According to Costa, MMS will help “deeply transform” the urban fabric of Coimbra through improving the city’s public transport system. He added that the electric-nature of its
buses would “remove something like 17,000 tons of CO2 that we continue to emit annually” and therefore be a win for the planet.
Owing to the inroads it is making with Portugal’s mobility projects, Zhongtong Bus has become the best selling bus brand in the country, according to recent figures from the Portuguese automobile association. With 209 units delivered in 2023 – mainly for public transportation – the Chinese company has surged past popular European bus brands Mercedes-Benz and Iveco (which have seen sales decrease by 74 and 70 percent, respectively, in Portugal).
Industry follows exporters to Portugal
Chinese companies aren’t just exporting their ready-made vehicles to Portugal. One manufacturer – CITIC Dicastal – is preparing to build an automotive components factory near the city of Águeda, in northern Portugal. This 180 million euros investment by the Qinhuangdao-headquartered group will reportedly create up to 600 jobs in the region, something Águeda’s mayor has hailed as “great news”.
Xuzhou-headquartered XCMG Machinery, meanwhile, is also expanding its Portuguese presence. In August last year, the state-owned heavy machinery manufacturer signed a Memorandum of Cooperation with Martifer, a Portuguese construction company with a focus on renewable energy sectors.
XCMG’s vice president, Liu Jiansen, said the partnership would boost the Chinese company’s already respected reputation in Europe and demonstrate its commitment to greener global development. “XCMG will fully follow the path of international and sustainable development and will take the lead in reducing carbon and promoting a roadmap towards carbon neutrality,” he said. China’s ambassador to Portugal, Zhao Bentang, has said that XCMG’s partnership with Martifer represented a new milestone in Sino-Lusophone commercial cooperation.
Moving people cross-borders
As China and Portugal’s transportation ties flourish, tourism between the two countries is also rebounding in the wake of a slump caused by the Covid-19 pandemic. Last year saw more than 200 percent growth in the number of Chinese visitors to Portugal, when compared to 2022 – according to data from the Chinese embassy in Lisbon. Meanwhile, the number of visas issued by the embassy to Portuguese nationals wanting to visit China jumped by 500 percent. That latter figure was double the number of visas issued between 2020 and 2023.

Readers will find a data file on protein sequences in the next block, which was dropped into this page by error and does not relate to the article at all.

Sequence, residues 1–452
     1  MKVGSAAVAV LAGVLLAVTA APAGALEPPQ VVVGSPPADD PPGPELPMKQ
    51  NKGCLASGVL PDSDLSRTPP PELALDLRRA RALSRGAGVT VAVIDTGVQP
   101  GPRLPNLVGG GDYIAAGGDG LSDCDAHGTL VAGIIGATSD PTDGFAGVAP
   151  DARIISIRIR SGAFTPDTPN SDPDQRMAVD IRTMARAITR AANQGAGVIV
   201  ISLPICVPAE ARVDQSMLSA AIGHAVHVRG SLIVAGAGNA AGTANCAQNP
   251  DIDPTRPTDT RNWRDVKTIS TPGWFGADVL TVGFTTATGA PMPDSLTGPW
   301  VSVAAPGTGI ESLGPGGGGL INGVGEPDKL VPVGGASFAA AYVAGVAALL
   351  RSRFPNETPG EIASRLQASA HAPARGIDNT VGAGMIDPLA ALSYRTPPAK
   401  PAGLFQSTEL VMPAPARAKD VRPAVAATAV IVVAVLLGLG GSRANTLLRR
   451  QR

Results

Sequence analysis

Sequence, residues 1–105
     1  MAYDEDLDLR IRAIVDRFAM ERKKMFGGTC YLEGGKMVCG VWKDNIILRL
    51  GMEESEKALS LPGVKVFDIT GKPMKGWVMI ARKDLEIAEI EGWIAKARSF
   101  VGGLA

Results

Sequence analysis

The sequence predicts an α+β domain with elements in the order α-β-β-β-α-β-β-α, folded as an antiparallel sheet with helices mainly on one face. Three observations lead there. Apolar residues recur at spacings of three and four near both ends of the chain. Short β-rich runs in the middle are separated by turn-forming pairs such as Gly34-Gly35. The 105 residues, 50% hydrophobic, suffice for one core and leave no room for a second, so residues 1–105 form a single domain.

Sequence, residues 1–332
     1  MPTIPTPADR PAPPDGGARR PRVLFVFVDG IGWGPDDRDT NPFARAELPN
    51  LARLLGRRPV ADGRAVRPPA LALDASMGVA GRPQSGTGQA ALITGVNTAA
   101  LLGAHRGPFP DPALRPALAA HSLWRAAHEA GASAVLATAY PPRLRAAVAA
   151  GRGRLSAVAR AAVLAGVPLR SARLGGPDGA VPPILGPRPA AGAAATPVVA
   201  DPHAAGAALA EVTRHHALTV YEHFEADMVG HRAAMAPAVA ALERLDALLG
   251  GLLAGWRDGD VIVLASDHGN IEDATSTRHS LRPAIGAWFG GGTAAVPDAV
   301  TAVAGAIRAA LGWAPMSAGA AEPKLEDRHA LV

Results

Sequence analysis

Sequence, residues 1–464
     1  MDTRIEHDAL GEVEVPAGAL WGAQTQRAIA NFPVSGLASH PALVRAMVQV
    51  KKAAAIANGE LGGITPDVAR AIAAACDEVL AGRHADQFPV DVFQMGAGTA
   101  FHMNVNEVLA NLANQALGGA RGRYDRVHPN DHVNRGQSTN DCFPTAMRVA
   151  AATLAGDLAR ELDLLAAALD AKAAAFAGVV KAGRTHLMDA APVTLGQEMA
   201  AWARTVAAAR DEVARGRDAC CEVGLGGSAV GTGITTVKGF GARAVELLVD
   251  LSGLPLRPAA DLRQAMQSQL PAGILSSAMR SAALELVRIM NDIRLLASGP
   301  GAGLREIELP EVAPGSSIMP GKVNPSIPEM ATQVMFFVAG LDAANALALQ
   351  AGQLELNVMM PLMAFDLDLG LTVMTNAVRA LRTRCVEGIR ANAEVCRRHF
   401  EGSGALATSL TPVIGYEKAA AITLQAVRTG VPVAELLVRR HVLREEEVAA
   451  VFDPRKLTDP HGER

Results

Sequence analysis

The Chinese authorities are aiming to boost the country’s foreign travel links, including with Portugal. As such, the number of direct flights between Lisbon and Hangzhou, the capital of Zhejiang Province, is set to increase to four per week – on Tuesdays, Thursdays Saturdays and Sundays (up from the current two). Beijing Capital Airlines operates this route, the only direct flight between China and Portugal.
Ambassador Zhao has promised travellers that the process around getting a visa for China is being simplified. Applicants can now submit the documentation directly to the consulate’s Visa Centre during opening hours, and should be granted a visa within four days. Expedited emergency services are also available. “Many of our Portuguese friends shared that, previously, [obtaining a Chinese visa] was time-consuming, but now they can apply and get a visa in less than a week, making travel to China much more convenient,” Zhao told the Portuguese press.
Portuguese passport-holders, along with a wide selection of other nationals, can now also transit through many Chinese cities without the need to apply for a visa. “China’s doors do not stop opening, and the Chinese government and people welcome people from all over the world who continue to come to China for business, investment and tourism”, Zhao said.
Business is evidently booming between China and Portugal, with a number of ambitious commercial mobility endeavours afoot – along with surging numbers of bilateral tourism.